Europe ponders the future of its policy on Ukraine

Europe ponders the future of its policy on Ukraine

Local residents wait for aid supply distribution in the centre of Kherson amid the Russian invasion of Ukraine. (AFP)
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This year has been an unexpectedly consequential one for the EU as a result of Russia’s invasion of Ukraine, but next year could prove to be an even bigger, tougher test for the bloc.
The 27-member club surprised many in recent months with the unity it showed as it worked closely with other Western allies to implement major sanctions against Russia. The latest phase of this is expected to kick in on Dec. 5 in the form of an oil price cap that was agreed with the G7.
In recent days, Europe has also thrown its diplomatic weight behind the 120-day renewal of the Black Sea Grain Initiative brokered, primarily, between Turkiye, Russia, the UN and Ukraine. The agreement, initially reached in July, created a protected transit corridor for shipping to help alleviate global food shortages by allowing exports to resume from three ports in Ukraine, which is a major producer of grains and oilseeds.
Despite this backdrop of relative success, 2023 could prove to be a very difficult year for Europe if the war in Ukraine continues, and this will be, perhaps, the key topic of discussion at next month’s summit of 27 prime ministers and presidents from EU member states.
On Thursday, EU foreign policy chief Josep Borrell set the stage for this upcoming discussion by stating his view that “Russia is not ready to withdraw (from Ukraine) and as far as it doesn’t withdraw, peace will not be possible. It is Russia who has to make peace possible; the aggressor has to withdraw if he wants a sustainable peace.”
Nine months after the invasion began, Russia’s economy has finally fallen into a recession, according to official data from Moscow released on Wednesday. Its gross domestic product fell by 4 percent in the third quarter of the year compared with a year ago, according to Rosstat, Russia’s statistics agency. This followed a 4.1 percent year-on-year decline in its second-quarter GDP.

As long as US support for Ukraine remains intact, which is more likely for the foreseeable future following the results of last week’s midterm elections in America, internal divisions within the EU might be significantly easier to manage.

Andrew Hammond

With no obvious end to the conflict in sight, the EU’s resolve is likely to be tested further in coming weeks, not least because its collective economy is heading into what the European Commission has warned is likely to be a recession, too, with high inflation and rising interest rates.
The economic fallout could yet grow worse. Russian gas supplies to Europe might become more sporadic over the winter and some have speculated that Moscow might also try to impose a time-limited oil embargo on Europe that could cause prices to skyrocket even further.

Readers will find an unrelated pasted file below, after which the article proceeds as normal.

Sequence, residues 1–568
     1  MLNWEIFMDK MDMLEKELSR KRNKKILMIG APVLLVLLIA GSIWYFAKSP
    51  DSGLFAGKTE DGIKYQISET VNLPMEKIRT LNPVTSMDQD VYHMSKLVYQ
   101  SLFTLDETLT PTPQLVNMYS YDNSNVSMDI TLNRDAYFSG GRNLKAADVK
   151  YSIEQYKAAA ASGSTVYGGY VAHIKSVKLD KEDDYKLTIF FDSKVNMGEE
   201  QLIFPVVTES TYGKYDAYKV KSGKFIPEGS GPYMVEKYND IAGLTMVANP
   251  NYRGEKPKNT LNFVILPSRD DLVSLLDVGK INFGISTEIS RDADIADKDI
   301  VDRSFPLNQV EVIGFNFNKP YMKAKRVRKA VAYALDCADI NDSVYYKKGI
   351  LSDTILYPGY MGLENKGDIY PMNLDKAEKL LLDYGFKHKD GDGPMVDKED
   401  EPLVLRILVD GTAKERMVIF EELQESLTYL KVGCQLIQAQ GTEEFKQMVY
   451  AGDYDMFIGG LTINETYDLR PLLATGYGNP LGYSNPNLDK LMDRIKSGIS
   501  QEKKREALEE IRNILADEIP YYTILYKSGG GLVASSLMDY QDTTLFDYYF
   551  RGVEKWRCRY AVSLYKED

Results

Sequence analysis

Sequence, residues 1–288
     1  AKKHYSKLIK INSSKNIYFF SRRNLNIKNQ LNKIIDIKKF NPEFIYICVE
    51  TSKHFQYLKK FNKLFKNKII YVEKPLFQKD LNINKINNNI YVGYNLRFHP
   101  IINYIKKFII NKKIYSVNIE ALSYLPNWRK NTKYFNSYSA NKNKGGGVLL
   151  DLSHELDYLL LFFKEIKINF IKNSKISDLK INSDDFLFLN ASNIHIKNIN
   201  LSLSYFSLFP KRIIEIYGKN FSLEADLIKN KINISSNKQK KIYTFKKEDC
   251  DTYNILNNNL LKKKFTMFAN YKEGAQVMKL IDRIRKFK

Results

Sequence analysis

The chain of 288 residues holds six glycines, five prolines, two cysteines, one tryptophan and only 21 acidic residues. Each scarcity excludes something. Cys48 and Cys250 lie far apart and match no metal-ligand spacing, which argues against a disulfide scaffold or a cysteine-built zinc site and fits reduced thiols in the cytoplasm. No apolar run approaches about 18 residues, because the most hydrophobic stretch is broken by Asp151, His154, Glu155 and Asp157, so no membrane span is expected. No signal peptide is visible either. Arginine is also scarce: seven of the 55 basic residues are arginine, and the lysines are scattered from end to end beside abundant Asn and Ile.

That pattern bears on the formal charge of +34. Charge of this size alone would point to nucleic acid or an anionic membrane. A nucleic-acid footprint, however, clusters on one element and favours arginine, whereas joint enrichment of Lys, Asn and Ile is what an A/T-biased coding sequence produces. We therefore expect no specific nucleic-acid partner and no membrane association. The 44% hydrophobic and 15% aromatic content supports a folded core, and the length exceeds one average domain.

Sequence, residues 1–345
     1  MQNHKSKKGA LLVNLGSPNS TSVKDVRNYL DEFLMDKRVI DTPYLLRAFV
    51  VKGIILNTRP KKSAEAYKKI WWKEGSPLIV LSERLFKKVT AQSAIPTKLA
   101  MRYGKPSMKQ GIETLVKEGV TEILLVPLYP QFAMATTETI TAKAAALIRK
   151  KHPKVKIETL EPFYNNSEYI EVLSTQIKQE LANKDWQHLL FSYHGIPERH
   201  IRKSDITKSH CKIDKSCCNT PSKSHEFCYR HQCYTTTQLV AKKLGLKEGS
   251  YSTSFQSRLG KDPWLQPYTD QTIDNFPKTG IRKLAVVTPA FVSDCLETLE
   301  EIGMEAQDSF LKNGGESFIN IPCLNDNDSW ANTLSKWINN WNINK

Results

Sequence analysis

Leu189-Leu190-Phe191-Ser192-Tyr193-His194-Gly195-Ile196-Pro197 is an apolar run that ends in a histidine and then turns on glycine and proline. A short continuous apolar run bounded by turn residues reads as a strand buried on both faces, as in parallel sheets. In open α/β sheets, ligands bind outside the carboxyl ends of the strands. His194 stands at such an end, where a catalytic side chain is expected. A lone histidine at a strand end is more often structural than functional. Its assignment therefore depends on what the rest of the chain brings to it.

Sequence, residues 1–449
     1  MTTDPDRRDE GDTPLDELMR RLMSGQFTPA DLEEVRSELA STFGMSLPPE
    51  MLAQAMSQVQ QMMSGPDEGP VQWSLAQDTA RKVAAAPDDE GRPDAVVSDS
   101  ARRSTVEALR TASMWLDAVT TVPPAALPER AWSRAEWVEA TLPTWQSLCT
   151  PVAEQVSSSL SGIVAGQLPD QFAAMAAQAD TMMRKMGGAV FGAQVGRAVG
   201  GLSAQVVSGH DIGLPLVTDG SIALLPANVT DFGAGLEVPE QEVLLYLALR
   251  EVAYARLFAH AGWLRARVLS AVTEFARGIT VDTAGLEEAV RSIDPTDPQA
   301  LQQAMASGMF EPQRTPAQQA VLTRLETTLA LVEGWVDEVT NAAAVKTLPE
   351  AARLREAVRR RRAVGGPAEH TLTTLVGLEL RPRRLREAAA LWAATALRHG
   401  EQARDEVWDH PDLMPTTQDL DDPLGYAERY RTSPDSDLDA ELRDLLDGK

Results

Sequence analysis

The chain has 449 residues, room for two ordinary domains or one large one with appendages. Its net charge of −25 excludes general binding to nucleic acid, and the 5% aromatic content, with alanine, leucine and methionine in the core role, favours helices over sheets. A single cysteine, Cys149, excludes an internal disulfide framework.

As long as US support for Ukraine remains intact, which is more likely for the foreseeable future following the results of last week’s midterm elections in America, internal divisions within the EU might be significantly easier to manage. But the significant differences of opinion between members of the bloc that unquestionably exist will affect how far and how fast they, and by extension the EU itself, will go in 2023 in terms of taking further action against Moscow.
This might be felt most keenly in the debate over sanctions. Despite Poland, the Baltics and the Nordic EU states pushing Western Europe for swifter and tougher energy sanctions against Moscow, new measures will be more incremental during the next phase of war in the absence of significant new provocations from Moscow.
Many consider such provocations are unlikely to happen but they cannot be ruled out, such is the volatility of the situation. The scope for it to happen through miscalculation, rather than design, was illustrated by the misdirected missile that landed in Poland in recent days.
Hungary has been the most outspoken outlier so far in voicing concerns about sanctions against Russia. Yet behind the wider European public statements of support for Ukraine there lie significant differences of opinion between major Western European states, such as Germany and France, and the nations on the eastern side of the continent that want an even tougher response.
The schisms within Europe were showcased over the summer in a European Council on Foreign Relations poll that found that while Europeans felt great solidarity with Ukraine and supported sanctions on Russia, they were split in terms of the longer-term goals. They were divided between a “peace” camp (which then stood at 35 percent of those polled and was potentially growing) that wants the war to end quickly by any means necessary, and a “justice” camp (22 percent) that believed the more pressing goal was to punish Russia for its actions.
In all of the bigger EU member states, apart from Poland, the peace camp was larger than the justice camp. The preference for peace was strongest in Italy and Germany, where citizens worry, increasingly, about the cost of sanctions and the threat of military escalation.
There was also a significant group among those polled that declined to choose between peace or justice but still largely supported the EU’s actions in response to war in Ukraine. Members of this swing group shared the anti-Russian feelings of the justice camp but also worried about escalation, like those in the peace camp.
In the coming months, greater numbers of this third group might move more toward the peace or justice camps and their views could prove crucial in determining the scope and pace of Europe’s next steps.

Andrew Hammond is an associate at LSE IDEAS at the London School of Economics.

 

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